The experiences and preliminary results of the Sokołówka river restoration project were also utilized in an EU LIFE+ project that took place in 2010-2015: ER-REK, Ecohydrologic rehabilitation of recreational reservoirs Arturówek (Łódź) as a model approach to rehabilitation of urban reservoirs. The rehabilitated Arturówek reservoirs provide an important recreational area for the city inhabitants that is visited by up to 3,000 people a day in high season. The sequential sedimentation-biofiltration system (SSBS) for stormwater purification developed in Sokołówka and EH-REK has been later utilized for the upgrade of efficiency in small sewage treatment plants.

The plan of the Sokołówka River park initiated during the demonstration project was approved by the city council in 2016 and the construction has started with paths and recreational infrastructure. Also, a new concept for the wider rehabilitation of the Sokołówka river and three parks on its course was developed in 2020. The new development project called Sokołówka Valley aims to connect Sokołówka River Park, Mickiewicz’s Park and Wasiak’s Pond with a hiking trail, water and ecosystem themed educational path and a bicycle path. Also, the river rehabilitation continues in the project area; ponds in the Mickiewicz’s Park will be cleaned up and the SSBS for storm water purification will be improved. In addition to this, the infrastructure and facilities of the parks will be significantly improved, including new paths, street furniture, playgrounds, toilets and a renovated restaurant.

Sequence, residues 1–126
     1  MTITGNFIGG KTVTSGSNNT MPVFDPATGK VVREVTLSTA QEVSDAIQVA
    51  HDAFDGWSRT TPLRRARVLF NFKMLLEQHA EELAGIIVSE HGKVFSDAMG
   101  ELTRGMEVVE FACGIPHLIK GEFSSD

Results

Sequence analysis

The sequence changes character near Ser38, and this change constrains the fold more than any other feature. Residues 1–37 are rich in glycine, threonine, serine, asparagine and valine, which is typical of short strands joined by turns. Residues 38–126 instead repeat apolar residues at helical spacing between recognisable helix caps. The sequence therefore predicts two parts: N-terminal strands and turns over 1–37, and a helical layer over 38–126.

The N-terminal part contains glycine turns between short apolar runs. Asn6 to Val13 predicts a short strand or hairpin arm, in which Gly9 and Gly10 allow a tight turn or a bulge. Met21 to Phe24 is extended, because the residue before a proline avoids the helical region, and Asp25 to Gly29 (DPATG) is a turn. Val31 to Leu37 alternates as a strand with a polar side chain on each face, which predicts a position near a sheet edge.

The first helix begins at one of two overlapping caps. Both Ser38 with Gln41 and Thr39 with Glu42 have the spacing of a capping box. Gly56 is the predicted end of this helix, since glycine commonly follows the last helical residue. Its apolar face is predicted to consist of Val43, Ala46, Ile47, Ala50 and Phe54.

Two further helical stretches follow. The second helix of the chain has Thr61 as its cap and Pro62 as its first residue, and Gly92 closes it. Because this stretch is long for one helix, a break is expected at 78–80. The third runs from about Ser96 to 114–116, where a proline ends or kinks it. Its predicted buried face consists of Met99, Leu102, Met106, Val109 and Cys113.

Relevance

Case mainly developed and implemented because of other policy objectives, but with significant consideration of CCA aspects

Additional Details

Stakeholder Participation

The close links between the researchers from the University of Lodz and the City of Lodz, in existence since the 1990s, provided a solid basis for the collaboration in the SWITCH project. The cooperation was substantially enhanced and expanded to include other relevant stakeholders through the establishment of the SWITCH Learning Alliance in Lodz: a stakeholder forum for exchanging ideas, plans and interests, with allocated EU funds for its activities. This process started in March 2006, initially involving the stakeholders perceived to have the most critical roles in water management. Over time, additional important actors were identified and involved. The key stakeholders in the Lodz Learning Alliance at its peak included partners from 25 different organisations, the most important being: